If a company files a property tax return by blindly listing all the assets found on its fixed asset register, it runs the risk of mistakenly reporting real property items as well. In that case, the company would be double assessed for those items: once by the real property assessor and again by the personal property assessor. A double payment of tax would be inevitable.

Performing an asset classification review is imperative. Separating real property from personal property is a proven method of reducing the potential for overassessment. The definitions for real and personal property may vary by state or jurisdiction. Knowing how each jurisdiction defines such assets is critical to accurate reporting. In North Carolina for example, items that are affixed to real property may be considered as either real or personal property - depending on how permanently they are affixed. The property return for California includes a listing for both real and personal property, with a further breakdown for structure and fixture items based on the asset’s intended use or purpose.

Tips for the Taxpayer

The property tax return is complicated and time-consuming given the varying nature of requirements from jurisdiction to jurisdiction. Complexities exist in not only the taxing authorities but also business processes. The burden of proof is always on the taxpayer.

Avoiding these five common mistakes (and many others) that could occur will provide for more accurate and compliant personal property tax reporting. Through proper tax return filings, a business starts off on the right path to property tax assessment. When assessment notices are received, a detailed review of the assessor’s value coupled with the taxpayer’s expected value should be performed. Any significant discrepancies must be addressed timely with the assessor to ensure that correct values are registered in their database. A limited window of time is open for taxpayers to protest or appeal values; be sure not to delay and miss out.

How Can We Help?

Allyn’s tax team is staffed with seasoned tax professionals experienced in all aspects of Federal, multi-state and local tax compliance and consulting for large US and global corporations. We use that experience to your advantage.

Allyn files state and local property tax returns in every US taxing jurisdiction. Allyn obtains property tax data, analyzes it for proper classification, cost basis, and exemptions, and ensures timely and accurate property tax return filing and property tax bill payment processing.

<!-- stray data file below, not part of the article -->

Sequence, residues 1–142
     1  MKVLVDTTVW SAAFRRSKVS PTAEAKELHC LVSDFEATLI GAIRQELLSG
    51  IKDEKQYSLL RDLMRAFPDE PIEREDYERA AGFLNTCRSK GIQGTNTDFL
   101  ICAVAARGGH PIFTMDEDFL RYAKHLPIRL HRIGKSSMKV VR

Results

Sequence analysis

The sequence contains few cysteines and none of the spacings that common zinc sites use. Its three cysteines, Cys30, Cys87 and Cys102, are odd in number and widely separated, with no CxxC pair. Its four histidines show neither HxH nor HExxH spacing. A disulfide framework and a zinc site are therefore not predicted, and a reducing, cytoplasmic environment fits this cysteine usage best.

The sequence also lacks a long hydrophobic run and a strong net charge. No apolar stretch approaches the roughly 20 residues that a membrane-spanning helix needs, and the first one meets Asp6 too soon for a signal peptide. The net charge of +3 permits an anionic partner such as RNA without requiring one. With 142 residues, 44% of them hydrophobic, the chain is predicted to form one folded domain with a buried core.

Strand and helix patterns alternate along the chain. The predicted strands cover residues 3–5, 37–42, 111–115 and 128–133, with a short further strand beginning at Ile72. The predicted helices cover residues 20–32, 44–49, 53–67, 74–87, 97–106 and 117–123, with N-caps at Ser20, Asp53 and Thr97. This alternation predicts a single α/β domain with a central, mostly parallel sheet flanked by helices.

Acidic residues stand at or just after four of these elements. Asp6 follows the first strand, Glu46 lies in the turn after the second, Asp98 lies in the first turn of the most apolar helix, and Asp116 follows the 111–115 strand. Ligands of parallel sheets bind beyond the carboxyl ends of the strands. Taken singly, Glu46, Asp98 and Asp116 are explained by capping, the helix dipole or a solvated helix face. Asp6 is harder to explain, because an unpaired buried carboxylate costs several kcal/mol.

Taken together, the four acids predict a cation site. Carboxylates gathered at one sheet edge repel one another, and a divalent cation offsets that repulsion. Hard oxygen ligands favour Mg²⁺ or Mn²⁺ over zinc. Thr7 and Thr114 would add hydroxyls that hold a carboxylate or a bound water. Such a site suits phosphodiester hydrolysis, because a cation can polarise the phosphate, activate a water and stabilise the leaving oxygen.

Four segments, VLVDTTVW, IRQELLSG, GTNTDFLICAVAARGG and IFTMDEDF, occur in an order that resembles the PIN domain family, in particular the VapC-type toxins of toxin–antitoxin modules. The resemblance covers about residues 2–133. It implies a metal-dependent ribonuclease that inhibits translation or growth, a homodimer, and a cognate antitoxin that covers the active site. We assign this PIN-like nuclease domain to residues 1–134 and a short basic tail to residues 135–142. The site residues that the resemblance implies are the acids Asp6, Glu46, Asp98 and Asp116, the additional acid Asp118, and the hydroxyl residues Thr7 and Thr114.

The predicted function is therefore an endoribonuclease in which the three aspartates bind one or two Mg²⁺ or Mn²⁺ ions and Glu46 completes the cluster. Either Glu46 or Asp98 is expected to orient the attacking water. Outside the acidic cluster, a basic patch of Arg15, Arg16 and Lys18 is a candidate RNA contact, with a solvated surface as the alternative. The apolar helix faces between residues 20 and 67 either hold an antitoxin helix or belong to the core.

We routinely conduct opportunity reviews in all US states for companies and advise clients with proactive measures to improve their tax compliance. Allyn can review your asset listing and returns, property tax bills, provide onsite property tax reviews, prepare and file returns and manage the payment of property taxes throughout the US. We can manage your tax compliance, create a solid tax process, and provide audit defense for your company.

Contact us and we can provide a customized cost-effective solution to meet your company’s needs. For further information on Allyn Tax services, please contact:

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About Allyn International

Allyn International is dedicated to providing high quality, customer centric services and solutions for the global marketplace. Allyn's core products include transportation management, logistics sourcing, freight forwarding, supply chain consulting, tax management and global trade compliance.

Allyn clients range from small local businesses to Fortune 500 firms. Allyn conducts business in more than 20 languages and has extensive experience in both developed and emerging markets. Highly trained experts are positioned throughout North and South America, Europe and Asia. Allyn’s regional headquarters are strategically located in Fort Myers, Florida, U.S.A., Shanghai, P.R. China, Prague, Czech Republic, and Dubai, U.A.E. For more information, visit